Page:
Child Care News for Parents & Carers
May 17, 2017
Welcome, this week learn about protecting your children's eyes and why some experts are calling for "No Hat, No Sunglasses, No Play". Also, has the campaign to get a pet started in your family? Read our article to help you assess the pros and cons before you take the plunge. We also have a snapshot of this year's Budget and what it means for families & child care.
No hat, no sunglasses, no play
In an effort to protect children from eye damage caused by ultraviolet radiation, The Royal Australian and New Zealand College of Opthamologists called for a change to the 'No Hat, No Play' rule for children in primary schools recently to now include sunglasses.

Cancer Council Queensland spokesperson Katie Clift agreed with the callout, saying, "Adequate eye protection against UV radiation is vital for adults and children during outdoor activity in daylight hours."
"Mum…can we get a puppy…?"
Almost inevitably, there comes a time in every family when your child will ask for a pet…hopefully for your sake not a pony.

With more than 24 million pets in Australia, or a household rate of pet ownership at 62 per cent, Australia has one of the highest rates of pet ownership in the world. But aside from the companionship that 'man's best friend' can bring, there are many other benefits of pet ownership, particularly for children.
Budget 2017
Families and child care
The 2017 Federal Budget was announced last week and in line with changes outlined in the Jobs for Families Package, funding for child care has been increased but will be delivered differently. Families with young children can expect the following changes:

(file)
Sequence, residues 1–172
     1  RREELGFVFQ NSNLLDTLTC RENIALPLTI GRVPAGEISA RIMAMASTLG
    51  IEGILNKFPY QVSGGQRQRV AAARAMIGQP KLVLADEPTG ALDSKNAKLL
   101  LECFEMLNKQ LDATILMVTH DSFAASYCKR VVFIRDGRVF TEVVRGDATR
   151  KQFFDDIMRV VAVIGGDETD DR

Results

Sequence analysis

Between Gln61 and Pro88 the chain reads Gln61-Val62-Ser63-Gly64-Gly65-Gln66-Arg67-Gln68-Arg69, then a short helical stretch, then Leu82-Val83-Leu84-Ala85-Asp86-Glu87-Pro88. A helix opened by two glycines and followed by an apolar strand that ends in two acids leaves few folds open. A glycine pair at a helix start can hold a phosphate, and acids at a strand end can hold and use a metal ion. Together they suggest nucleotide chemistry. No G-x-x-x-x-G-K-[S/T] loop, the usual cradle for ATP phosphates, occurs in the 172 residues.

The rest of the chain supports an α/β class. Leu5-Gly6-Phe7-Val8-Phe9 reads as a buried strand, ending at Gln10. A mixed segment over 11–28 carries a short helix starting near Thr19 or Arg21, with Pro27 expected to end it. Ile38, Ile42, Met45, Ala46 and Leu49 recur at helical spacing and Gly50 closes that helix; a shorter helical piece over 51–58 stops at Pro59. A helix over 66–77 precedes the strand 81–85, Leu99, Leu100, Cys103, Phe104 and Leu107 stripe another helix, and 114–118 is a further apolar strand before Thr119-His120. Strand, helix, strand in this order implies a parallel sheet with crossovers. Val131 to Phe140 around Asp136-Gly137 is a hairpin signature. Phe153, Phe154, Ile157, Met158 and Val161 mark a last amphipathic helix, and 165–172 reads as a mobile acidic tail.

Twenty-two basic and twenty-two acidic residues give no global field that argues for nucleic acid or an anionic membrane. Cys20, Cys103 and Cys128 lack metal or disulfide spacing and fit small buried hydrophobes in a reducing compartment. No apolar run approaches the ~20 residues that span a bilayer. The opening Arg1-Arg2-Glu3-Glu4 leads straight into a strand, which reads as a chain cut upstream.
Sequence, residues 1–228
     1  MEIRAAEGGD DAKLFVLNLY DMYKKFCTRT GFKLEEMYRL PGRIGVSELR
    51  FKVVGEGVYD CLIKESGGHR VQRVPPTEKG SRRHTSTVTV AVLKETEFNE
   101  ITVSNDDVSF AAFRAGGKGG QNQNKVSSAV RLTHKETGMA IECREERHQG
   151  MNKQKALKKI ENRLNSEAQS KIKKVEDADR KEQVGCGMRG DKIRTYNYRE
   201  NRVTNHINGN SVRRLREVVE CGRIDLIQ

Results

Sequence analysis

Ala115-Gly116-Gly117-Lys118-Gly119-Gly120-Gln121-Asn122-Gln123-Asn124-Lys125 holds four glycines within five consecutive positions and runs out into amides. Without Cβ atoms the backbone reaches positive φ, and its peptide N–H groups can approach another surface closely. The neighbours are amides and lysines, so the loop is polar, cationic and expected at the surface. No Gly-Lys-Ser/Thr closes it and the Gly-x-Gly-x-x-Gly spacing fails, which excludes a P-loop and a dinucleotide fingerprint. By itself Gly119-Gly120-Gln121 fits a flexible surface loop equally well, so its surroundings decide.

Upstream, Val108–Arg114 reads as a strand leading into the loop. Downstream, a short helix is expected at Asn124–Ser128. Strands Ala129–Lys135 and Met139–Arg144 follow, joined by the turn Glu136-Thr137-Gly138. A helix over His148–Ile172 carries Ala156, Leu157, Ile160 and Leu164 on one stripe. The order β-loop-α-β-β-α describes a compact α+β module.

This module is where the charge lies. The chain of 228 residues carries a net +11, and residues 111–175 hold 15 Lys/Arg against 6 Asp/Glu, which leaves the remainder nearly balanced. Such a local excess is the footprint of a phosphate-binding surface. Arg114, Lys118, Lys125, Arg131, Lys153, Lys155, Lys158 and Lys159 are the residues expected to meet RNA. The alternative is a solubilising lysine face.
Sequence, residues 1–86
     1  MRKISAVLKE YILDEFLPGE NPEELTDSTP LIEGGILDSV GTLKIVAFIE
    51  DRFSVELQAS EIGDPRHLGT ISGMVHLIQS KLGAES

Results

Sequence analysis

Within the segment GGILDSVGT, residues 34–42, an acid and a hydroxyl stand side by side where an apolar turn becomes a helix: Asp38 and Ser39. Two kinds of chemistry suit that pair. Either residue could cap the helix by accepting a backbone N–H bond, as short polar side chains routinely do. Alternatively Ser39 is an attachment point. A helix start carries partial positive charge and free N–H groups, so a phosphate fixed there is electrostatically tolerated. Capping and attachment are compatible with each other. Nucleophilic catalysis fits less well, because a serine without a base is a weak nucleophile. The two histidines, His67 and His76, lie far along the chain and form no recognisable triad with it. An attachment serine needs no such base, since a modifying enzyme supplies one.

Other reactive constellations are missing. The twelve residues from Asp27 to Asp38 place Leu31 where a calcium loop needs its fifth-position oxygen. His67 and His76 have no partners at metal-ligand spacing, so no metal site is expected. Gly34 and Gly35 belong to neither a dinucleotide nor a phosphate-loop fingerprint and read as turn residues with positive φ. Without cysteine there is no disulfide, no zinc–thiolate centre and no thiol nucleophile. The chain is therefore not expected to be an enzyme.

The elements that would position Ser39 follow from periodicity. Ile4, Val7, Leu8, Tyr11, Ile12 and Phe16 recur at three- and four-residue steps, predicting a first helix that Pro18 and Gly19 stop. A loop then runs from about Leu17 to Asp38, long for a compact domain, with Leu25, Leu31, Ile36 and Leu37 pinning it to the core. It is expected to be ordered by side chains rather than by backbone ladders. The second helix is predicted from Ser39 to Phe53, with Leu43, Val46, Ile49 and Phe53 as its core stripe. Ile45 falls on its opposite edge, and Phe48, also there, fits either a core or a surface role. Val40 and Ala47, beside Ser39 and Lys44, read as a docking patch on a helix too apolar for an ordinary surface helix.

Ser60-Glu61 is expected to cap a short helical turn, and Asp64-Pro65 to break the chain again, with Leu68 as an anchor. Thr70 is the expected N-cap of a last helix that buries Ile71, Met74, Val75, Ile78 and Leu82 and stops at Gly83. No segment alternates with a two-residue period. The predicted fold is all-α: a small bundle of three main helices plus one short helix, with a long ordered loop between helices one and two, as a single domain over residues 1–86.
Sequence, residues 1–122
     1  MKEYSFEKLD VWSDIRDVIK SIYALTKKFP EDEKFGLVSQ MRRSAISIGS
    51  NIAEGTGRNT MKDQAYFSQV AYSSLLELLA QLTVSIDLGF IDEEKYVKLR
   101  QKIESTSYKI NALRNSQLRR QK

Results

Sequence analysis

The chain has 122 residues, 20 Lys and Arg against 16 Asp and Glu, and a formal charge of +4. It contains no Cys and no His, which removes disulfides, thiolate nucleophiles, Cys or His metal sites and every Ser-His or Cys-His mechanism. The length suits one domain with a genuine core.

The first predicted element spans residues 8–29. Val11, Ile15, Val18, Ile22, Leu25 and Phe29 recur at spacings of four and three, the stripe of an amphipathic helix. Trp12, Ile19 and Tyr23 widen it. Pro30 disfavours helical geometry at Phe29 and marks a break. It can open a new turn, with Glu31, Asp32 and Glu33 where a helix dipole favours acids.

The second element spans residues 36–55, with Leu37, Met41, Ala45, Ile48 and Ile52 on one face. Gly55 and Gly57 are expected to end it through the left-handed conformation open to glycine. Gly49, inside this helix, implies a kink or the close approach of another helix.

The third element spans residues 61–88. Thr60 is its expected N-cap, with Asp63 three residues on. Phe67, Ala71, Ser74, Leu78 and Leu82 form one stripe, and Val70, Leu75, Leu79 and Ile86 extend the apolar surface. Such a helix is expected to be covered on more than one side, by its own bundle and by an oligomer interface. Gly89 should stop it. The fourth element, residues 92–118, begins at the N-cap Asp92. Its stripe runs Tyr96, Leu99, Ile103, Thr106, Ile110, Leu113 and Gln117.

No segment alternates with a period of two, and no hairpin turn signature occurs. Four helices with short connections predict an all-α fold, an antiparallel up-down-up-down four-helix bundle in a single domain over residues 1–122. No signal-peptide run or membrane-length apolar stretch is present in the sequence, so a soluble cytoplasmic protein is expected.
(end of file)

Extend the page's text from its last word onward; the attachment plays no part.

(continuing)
• The Family Tax Benefit has not been increased and from July 2018 will be subject to a means test, which means families will lose 30c of their Family Tax Benefit for every dollar they earn over $94,316.
  • From 1 July Family Tax Benefit Part A will be reduced by $28 per child per week for children who don’t meet stricter No Jab No Play rules.
  • The Budget includes an additional $37.3 billion for child care over three years and this will be distributed as a single means tested subsidy which will replace the current Child Care Benefit and Child Care Rebate.
  • Under the single payment system there will be no cap on the rebate for families using child care who earn $185,710 or less. For families earning more than $185,710 the rebate will be capped at $10,000 per year per child.
  • Families earning a combined income $350,000 or more per year will not be eligible for the new child care payment.
  • Pre-school families will keep their 15 hours per week of free access for another 12 months.
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